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Egypt says defect caused crash

Ramon lopez/WASHINGTON DC GuyNorris/LOS ANGELES

US and Egyptian aviation officials are in conflict over the cause of the 31 October 1999 EgyptAir Boeing 767-300ER crash off the US east coast.

While the US National Transportation Safety Board (NTSB) insists that the cause is not yet determined, Egyptian investigators claim there is evidence that there may have been a mechanical control fault of a type which has happened before. Egyptian claims of a defect come as Boeing admits finding a fault in its 767 elevator control tests.

The NTSB presented the facts gathered to date in the accident investigation on 11 August, but drew no conclusions. Chief Egyptian investigator Capt Mohser el-Missiry, however, maintains that a mechanical problem may have caused the crash, discounting speculation of a suicide dive initiated by a flight deck crew member.

EgyptAir says there is nothing on the cockpit voice recorder or the flight data recorder to indicate that EgyptAir Flight 990 was intentionally crashed into the ocean.

Furthermore, "metallurgical analysis...showed that the rivets on two of the three bellcranks in the right elevator were sheared in a direction that would force the elevator down. The rivets on the remaining bellcrank on the right elevator were sheared in the opposite direction. This pattern...is consistent with the possible failure or jam of two power control units that would cause the aircraft to pitch down," says the airline. It says similar problems were discovered on 11 other Boeing 767s.

Meanwhile, Boeing is expected to issue a service bulletin (SB) calling for a one-time special inspection of elevator bellcranks on 767s. Boeing says the inspection, which is likely to be mandated by a US Federal Aviation Administration airworthiness directive "within days", is related to a "ground event and has nothing to do with Egyptair".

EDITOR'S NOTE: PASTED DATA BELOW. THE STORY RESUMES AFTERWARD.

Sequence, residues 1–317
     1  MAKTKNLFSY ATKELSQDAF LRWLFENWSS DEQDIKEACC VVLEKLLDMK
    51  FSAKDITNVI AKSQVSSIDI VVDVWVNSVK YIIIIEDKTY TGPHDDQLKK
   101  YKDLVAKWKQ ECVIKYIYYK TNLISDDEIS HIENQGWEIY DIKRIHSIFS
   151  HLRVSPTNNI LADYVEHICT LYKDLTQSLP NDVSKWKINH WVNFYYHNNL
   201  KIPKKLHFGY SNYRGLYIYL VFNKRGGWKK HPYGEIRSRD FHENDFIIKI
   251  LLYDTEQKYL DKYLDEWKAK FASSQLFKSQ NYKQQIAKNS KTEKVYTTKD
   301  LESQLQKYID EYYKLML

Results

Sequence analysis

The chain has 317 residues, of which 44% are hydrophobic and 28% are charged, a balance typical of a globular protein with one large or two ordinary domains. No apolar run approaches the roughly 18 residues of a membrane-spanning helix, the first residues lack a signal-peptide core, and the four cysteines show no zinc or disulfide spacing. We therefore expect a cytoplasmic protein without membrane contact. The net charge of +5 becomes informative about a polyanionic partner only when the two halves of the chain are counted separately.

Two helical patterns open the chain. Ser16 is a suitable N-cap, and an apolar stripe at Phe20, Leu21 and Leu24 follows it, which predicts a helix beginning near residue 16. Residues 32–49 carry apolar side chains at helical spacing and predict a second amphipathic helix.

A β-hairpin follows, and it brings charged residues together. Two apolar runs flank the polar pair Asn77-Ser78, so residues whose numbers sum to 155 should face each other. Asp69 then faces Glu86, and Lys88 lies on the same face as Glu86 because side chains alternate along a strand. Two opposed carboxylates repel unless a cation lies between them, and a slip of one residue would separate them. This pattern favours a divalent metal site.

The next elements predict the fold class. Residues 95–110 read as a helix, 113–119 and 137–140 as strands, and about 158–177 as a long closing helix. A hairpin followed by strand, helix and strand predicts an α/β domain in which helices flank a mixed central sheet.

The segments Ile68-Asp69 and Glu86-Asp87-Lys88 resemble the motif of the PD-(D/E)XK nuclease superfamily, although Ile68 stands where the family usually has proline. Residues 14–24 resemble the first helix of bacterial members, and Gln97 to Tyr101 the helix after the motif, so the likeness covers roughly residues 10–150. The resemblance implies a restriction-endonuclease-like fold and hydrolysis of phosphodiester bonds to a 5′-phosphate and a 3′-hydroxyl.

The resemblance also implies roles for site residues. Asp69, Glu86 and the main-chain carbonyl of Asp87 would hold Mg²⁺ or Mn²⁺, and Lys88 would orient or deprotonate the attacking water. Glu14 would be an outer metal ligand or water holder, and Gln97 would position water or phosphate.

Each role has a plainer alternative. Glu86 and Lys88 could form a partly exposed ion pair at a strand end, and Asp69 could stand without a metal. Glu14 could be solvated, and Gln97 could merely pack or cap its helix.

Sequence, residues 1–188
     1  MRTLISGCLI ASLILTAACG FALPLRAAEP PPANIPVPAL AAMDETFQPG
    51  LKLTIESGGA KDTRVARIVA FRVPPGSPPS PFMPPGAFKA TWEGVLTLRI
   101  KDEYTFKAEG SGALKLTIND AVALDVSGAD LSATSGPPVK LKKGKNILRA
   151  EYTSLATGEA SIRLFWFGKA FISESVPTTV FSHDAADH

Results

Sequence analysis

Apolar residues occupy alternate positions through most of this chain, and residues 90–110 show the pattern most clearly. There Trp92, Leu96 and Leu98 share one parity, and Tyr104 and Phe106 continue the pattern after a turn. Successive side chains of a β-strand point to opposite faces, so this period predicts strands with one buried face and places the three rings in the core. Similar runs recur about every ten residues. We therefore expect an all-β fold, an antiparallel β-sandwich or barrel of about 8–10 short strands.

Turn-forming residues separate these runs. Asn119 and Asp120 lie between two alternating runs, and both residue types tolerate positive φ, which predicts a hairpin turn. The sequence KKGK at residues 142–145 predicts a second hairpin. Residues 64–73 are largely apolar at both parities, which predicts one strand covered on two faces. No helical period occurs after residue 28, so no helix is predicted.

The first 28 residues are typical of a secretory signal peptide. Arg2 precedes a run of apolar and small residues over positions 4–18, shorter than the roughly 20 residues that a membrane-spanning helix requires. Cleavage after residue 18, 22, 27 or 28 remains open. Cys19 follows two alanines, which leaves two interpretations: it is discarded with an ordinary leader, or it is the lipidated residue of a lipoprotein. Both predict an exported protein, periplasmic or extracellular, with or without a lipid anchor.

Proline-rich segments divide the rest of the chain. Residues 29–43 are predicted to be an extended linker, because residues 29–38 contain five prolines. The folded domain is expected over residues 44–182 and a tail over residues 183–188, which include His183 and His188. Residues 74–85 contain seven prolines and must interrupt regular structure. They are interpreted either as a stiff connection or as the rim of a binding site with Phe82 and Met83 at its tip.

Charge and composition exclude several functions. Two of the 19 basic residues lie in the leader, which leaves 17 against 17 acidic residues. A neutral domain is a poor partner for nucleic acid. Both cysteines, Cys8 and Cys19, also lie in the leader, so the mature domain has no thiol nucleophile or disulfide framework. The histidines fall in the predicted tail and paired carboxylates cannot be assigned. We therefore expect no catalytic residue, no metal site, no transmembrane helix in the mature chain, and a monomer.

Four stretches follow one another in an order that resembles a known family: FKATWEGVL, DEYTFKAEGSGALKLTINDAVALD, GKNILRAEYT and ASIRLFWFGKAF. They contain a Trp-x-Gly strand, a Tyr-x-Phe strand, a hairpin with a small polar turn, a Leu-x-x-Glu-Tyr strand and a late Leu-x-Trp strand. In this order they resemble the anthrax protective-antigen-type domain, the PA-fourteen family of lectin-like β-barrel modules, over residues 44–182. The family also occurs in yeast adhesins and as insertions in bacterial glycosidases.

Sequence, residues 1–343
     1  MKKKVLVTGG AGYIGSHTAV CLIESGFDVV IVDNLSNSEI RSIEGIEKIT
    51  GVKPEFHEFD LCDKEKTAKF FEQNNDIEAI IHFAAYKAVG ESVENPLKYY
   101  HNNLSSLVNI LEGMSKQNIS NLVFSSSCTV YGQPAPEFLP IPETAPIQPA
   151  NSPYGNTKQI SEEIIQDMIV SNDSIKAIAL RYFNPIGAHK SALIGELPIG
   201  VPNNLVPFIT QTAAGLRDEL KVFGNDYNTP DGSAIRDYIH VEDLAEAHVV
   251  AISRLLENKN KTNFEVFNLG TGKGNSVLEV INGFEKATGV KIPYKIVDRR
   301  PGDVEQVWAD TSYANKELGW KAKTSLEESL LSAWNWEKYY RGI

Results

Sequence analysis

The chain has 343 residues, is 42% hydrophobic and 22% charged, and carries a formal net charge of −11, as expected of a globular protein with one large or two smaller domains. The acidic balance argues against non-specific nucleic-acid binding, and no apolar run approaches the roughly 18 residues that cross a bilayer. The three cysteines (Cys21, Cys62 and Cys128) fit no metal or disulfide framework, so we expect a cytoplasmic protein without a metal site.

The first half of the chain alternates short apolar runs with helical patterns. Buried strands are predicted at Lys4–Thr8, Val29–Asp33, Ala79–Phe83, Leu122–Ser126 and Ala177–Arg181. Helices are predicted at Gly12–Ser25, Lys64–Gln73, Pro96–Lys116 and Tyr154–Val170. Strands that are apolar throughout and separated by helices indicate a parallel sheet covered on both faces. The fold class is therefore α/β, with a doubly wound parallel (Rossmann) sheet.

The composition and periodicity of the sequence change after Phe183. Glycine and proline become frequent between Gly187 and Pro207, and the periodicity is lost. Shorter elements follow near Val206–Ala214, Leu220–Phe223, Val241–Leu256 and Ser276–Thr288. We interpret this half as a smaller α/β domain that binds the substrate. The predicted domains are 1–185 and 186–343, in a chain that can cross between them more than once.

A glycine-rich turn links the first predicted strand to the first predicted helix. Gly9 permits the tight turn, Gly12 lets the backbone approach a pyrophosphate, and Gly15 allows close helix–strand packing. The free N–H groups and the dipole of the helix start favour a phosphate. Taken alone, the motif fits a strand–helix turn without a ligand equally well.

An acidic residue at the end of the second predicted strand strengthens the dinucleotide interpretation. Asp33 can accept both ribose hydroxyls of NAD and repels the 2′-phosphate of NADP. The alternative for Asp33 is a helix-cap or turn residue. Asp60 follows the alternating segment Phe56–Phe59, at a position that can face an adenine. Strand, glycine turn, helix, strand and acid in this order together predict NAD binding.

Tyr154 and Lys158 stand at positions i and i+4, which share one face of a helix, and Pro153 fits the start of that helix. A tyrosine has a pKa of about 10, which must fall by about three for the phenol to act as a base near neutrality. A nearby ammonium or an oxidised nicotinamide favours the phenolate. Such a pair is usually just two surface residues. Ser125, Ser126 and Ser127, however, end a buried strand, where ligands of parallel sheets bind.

Boeing laboratory tests late last month unexpectedly revealed a potentially undetectable failure scenario in which a failed bellcrank remained rigidly in place, instead of rotating freely as designed. "This would mean that, using the inspection procedure, a failure would be not be detected," says Boeing.

Boeing says the SB, and the tests, follow a fleet-wide survey for failed bellcranks which was originally triggered by the discovery of two failed units, believed to have been found during a pre-flight walkaround earlier this year on an Aeromexico aircraft.

Details of the Aeromexico incident came to light in a 4 June letter from the Egyptian Civil Aviation Authority (CAA) to FAA administrator Jane Garvey in which it urged further investigation into the 767's elevator control system. In the letter, the CAA says Egyptian and EgyptAir officials working with the NTSB were "...made aware of several reports of Boeing 767 elevator control discrepancies that happened both before and after the EgyptAir accident".

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